The preciousness of faith, as well as our obtaining it, is through the righteousness of Yeshua. The satisfactory meritorious reverence and obedience of Yeshua give faith all its value and preciousness. And the virtue of such a person cannot but be of infinite value to those who by faith receive it.
He will go ahead of the Lord with the spirit and power that Elijah had. He will change parents’ attitudes toward their children. He will change disobedient people so that they will accept the wisdom of those who have God’s approval. In this way, he will prepare the people for their Lord.” Luke 1:17 GW
The new heaven and the new earth will not be separate from each other; the earth of the saints, their glorified, bodies, will be heavenly. The old world, with all its troubles and tumults, will have passed away. There will be no sea; this aptly represents freedom from conflicting passions, temptations, troubles, changes, and alarms; from whatever can divide or interrupt the communion of saints.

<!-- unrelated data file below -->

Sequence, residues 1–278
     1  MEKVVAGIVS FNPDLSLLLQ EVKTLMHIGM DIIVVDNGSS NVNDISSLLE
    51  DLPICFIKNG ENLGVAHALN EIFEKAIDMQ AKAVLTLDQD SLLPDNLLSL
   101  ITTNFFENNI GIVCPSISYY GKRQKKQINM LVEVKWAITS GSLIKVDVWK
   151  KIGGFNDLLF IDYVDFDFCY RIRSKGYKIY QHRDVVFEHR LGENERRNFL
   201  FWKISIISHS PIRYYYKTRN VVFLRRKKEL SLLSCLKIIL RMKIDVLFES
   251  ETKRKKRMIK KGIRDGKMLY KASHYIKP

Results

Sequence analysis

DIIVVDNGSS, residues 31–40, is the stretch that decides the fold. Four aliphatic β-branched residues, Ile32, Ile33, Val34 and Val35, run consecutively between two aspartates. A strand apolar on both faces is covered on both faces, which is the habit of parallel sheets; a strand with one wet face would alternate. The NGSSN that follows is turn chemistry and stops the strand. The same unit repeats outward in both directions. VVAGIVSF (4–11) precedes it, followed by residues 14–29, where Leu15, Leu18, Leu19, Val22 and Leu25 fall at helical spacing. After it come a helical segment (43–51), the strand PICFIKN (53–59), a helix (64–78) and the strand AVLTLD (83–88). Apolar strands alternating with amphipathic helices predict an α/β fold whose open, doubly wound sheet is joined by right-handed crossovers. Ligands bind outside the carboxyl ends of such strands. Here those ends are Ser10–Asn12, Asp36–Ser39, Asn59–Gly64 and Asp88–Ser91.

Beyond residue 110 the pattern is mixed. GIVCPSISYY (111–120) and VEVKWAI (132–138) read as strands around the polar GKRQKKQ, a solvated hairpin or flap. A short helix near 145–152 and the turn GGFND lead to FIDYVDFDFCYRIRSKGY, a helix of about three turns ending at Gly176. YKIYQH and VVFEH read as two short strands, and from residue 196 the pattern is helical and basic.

This new Jerusalem is the church of God in its new and perfect state, the church triumphant. Its blessedness came from God and depended on him. The presence of God with his people in heaven, will not be interrupt as it is on earth, he will dwell with them continually. All effects of former trouble shall be done away. They have often been in tears, by reason of sin, of affliction, of the calamities of the church; but no signs, no remembrance of former sorrows shall remain.
Christ makes all things new. If we are willing and desirous that the gracious Redeemer should make all things new in order hearts and nature, he will make all things new in respect of our situation, till he has brought us to enjoy complete happiness.